A MEMORIAL service honouring the victims of the Dunblane massacre will be held on Wednesday.

The afternoon service for the 16 children and their teacher killed by gunman Thomas Hamilton, is by invitation only, with Prince Charles attending to represent the royal family.

Scots Secretary and local MP Michael Forsyth and Shadow Scottish Secretary George Robertson will join the congregation at Dunblane Cathedral.

BBC1 will televise the ceremony live and broadcast it on radio. The service will be relayed to local churches.

The ceremony will be conducted by the Very Reverend Professor James Whyte, a former moderator of the General Assembly of the Church of Scotland, who conducted the memorial service to the victims of the Lockerbie air disaster.

The Reverend Colin McIntosh, minister at Dunblane Cathedral, said yesterday: ``We hope it will enable us to move on - to remember the children and their teacher but also to turn towards the future.

``I think the community is still very tense and strained. That is the reality we will have to live with for some time.''

The lobby for a hand-gun ban is expected to be discussed at the Tory Party conference in Bournemouth this week.

The issue is expected to be examined at a fringe meeting during the conference, when one of the speakers will be Mr Ron Tarry, former mayor of Hungerford, the scene of Michael Ryan's 1987 massacre.

Dunblane musician Ted Christopher is creating a music tape supporting a ban on hand guns.

Mr Christopher has penned new lyrics for Bob Dylan's song Knocking On Heaven's Door after getting approval from Dylan's management team.

One of the verses he has written is:

``Lord, these guns have caused too much pain,

``This town will never be the same.

``So, for the bairns of Dunblane,

``We ask, please, never again.''

Yesterday, Mr Christopher, who runs a music shop in Stirling, said he had recruited local musicians to work on the tape.

He was hopeful that some of the parents who lost children, and survivors of the massacre, would help produce a single and a video.

Mr Christopher said: ``Money has nothing to do with this. What we are planning is to get the message banning hand guns over to the public. Some of the parents are enthusiastic. We can only hope that the single is a big success and that people listen to the message.''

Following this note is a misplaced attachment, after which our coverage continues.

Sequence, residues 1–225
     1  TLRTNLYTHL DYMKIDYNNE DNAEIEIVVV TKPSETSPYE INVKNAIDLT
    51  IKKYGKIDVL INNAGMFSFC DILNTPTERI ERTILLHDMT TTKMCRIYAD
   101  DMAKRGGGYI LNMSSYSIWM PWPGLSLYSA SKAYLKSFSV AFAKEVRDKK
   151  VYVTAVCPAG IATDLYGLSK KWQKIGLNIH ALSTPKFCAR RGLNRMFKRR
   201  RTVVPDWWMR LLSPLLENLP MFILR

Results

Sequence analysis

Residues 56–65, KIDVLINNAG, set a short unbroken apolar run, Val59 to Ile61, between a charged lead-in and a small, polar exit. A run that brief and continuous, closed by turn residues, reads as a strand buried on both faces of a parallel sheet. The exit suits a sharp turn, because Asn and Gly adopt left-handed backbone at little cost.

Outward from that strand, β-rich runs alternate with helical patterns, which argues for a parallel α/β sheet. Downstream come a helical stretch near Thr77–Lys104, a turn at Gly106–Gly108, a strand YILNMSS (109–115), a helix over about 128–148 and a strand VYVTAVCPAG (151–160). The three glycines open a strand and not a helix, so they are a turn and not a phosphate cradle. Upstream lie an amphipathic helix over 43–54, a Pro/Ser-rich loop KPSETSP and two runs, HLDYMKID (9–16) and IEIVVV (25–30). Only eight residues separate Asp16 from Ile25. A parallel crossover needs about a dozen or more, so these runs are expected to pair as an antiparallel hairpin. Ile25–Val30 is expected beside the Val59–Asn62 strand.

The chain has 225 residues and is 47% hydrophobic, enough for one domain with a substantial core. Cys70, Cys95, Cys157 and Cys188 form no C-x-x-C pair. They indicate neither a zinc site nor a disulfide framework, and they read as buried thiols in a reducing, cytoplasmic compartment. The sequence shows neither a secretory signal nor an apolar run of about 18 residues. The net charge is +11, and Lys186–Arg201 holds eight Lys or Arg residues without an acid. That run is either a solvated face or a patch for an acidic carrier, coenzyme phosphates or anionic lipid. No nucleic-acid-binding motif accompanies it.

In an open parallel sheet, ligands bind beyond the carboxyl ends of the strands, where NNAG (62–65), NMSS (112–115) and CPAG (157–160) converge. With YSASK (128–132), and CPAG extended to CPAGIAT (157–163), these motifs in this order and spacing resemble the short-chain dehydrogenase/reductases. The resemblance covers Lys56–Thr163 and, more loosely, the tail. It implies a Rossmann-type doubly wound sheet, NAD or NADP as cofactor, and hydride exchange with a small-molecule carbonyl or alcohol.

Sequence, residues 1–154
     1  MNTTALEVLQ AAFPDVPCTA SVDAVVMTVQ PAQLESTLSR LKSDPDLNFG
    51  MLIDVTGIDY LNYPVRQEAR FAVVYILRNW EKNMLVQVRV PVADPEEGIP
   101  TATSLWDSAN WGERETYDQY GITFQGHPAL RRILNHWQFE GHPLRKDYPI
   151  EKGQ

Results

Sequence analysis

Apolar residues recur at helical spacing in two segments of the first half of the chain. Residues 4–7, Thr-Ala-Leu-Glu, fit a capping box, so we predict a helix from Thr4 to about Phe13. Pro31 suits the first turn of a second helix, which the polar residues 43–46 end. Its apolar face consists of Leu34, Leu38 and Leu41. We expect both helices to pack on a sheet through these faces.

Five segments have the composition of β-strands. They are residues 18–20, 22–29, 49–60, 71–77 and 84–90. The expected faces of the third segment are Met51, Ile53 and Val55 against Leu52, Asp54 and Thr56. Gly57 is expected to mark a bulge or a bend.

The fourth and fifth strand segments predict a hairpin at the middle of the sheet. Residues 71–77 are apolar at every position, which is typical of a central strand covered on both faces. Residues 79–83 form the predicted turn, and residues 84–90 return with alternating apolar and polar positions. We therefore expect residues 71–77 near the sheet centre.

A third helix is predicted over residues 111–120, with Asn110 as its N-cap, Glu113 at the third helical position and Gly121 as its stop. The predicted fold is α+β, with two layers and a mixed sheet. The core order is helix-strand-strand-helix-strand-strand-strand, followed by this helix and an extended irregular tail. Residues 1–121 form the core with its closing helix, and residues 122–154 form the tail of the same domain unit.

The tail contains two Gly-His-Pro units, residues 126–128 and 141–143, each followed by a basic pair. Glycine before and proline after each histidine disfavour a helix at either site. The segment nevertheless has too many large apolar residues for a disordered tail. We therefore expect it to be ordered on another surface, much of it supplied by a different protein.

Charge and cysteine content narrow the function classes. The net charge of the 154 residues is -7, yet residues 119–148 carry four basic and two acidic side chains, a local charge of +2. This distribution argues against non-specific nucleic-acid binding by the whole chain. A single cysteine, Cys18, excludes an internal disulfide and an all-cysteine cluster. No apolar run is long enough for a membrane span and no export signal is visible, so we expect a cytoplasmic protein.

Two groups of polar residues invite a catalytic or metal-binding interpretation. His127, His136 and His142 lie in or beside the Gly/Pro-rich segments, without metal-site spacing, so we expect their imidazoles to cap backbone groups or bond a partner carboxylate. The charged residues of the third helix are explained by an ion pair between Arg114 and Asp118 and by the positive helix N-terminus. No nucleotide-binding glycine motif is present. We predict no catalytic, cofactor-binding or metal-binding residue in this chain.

Rock and folk legend Bob Dylan has given his blessing for the song to be recorded as part of the campaign.

Mr Christopher said that, initially, Dylan's management and record company were reluctant for him to use the song because they regarded Dylan's lyrics as sacrosanct but within 24 hours they had reconsidered and said that in this one instance the song could be used.

Meanwhile, members of the Snowdrop campaign have criticised a computer game named Schoolyard Slaughter depicting the playground shooting of children where the player scores by shooting the children in the head. The hit is indicated by a splatter of blood and a pile of bones.

Shadow Scottish Secretary Mr Robertson, who lives in Dunblane, said yesterday: ``Anyone who has heard about this must be sickened and shaken by the depraved material. This sort of thing is against the law but perhaps not enough people know about it. It is time the law was given greater publicity before more of this stomach churning stuff becomes available.''

Mrs Ann Pearston, spokeswoman for the Snowdrop Campaign, set up after the Dunblane massacre, said: ``What sort of mind would put killing and children in the same game? What sort of world are we creating for our children, teaching them aggression instead of tolerance?''

Mrs Pearston said: ``The people who create these games seem to adopt a negative rather than a positive position. They have the opportunity to help children instead of producing games centring on violence.''

The computer game has been withdrawn from the shelves in libraries and other outlets. Home Secretary Michael Howard, backed by Scottish Secretary Mr Forsyth, have condemned the game.

Mr Howard has warned that uncertificated games break the law and anyone supplying them could face up to two years in prison or an unlimited fine. The penalty for selling the games to a young person is six months' jail and/or a fine of #5000.